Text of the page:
(CNN) -- Qatar has won the race to host the 2022 World Cup, and will become the first Middle Eastern country to hold the tournament.
For the tiny desert state, where summer temperatures soar over 40 C (104 F), it is a triumph of ambition and technology.
As recently as November, FIFA expressed concerns over the country's climate, which it said should be considered "a potential health risk for players, officials, the FIFA family and spectators."
But football's governing body seems to have been swayed by Qatar's plans to overcome the sweltering heat by building nine new fully air-conditioned open-air stadiums that work using solar power.
Solar thermal collectors and photovoltaic panels on the outside the stadiums and on their roofs will harness energy from the blazing Qatari sun.
It will be used to chill water, which in turn will cool air before it is blown through the stadium, keeping pitch temperatures below 27 C (80 F).
Qatar 2022's bid book director Yasir Al Jamal said it would be the first time these technologies have been combined to keep a stadium cool.
"Stadium seats will be cooled using air pumped at the spectator ankle zone at a temperature of 18 C," he said.
"The same air will also be projected from the back and neck area of the seats, ensuring that each seating row of each stadium provides maximum comfort and enjoyment to fans," he continued.
Jamal said the photovoltaic panels will export electricity to Qatar's national grid, which will make the cooling system carbon neutral.
He added that the same system would be used to cool the competing teams' training facilities.
News that Qatar will host the World Cup was greeted with jubilation in its capital, Doha. "We're not only going to host a successful World Cup, we're going to host the best World Cup ever," said Qatari Mohammed Al-Jofairi.
It's a major coup for a country with a population of less than one million and currently placed 113th in the FIFA world rankings.
Qatar has previously hosted global sporting events -- but never in the summer.
It staged the Asian Games in December 2006 and the World Indoor Athletic Championships earlier this year.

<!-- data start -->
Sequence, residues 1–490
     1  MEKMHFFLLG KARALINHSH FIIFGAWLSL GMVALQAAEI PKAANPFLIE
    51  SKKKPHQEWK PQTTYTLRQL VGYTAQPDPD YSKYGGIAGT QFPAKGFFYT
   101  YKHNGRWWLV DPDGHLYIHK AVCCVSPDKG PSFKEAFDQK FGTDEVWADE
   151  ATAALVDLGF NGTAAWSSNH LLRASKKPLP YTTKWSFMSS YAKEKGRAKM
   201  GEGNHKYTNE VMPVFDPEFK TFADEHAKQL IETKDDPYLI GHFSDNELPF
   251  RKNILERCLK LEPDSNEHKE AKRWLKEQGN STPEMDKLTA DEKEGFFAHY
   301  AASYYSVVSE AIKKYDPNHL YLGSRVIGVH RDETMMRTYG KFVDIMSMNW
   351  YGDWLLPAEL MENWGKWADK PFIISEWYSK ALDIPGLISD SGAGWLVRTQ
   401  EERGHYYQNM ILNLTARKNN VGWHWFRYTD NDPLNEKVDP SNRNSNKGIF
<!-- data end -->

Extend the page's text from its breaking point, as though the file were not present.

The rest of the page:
But Doha's bid to host the 2016 Olympics, which proposed holding the games in October, when temperatures would be slightly more forgiving, was rejected.
And with the World Cup having to fit in around the European football season, there's no choice but to hold the competition in June and July -- Qatar's hottest months.
One man who knows about building stadiums that are used in extreme heat is Jack Boyle, principal and senior architect with Populous. He designed the University of Phoenix stadium, in Arizona.
Arizona endures similar summer temperatures to Qatar and like Qatar's proposed venues, the Phoenix stadium is cooled by air conditioning -- although it is powered by conventional energy.
Boyle said that while it wasn't economically viable to use solar power at the Phoenix stadium, it could work for Qatar.
"I think if you've got a tremendous amount of solar radiation on the site, as you would in Qatar, and plenty of vacant land, there's no reason not to do that," he said.
"First cost [initial expenditures] on creating all these alternative energy systems can be fairly high, so you just need to look at what your payback is going to be. But in Qatar, they may not be concerned about payback at all."
Qatar plans to use 12 stadiums to host the competition and German architects AS&P have produced conceptual designs for nine new stadiums, and upgrades to three existing venues.
As well as using solar power to cool the stadiums, AS&P partner Joachim Schares said their designs include retractable roofs, to keep out the blazing sun.
"We will close the roof in the days before the match so the temperature cools down before the match," he said.
"The roof could stay closed [during matches] so that every seat in the stadium and the pitch is fully shaded, or if FIFA requires teams to play with an open roof we could open it and still guarantee a temperature of 27 C."
Some of the stadiums will feature a modular design that means they can be dismantled after the tournament and rebuilt in countries looking to develop their football infrastructure.
Keir Radnedge of World Soccer Magazine said, "This is a leap into the unknown. It's the first Muslim country to host the World Cup and the first Middle East country to host the World Cup, and I think that's probably an attraction for FIFA to go there.
"That's going to be an amazing experience, an amazing journey."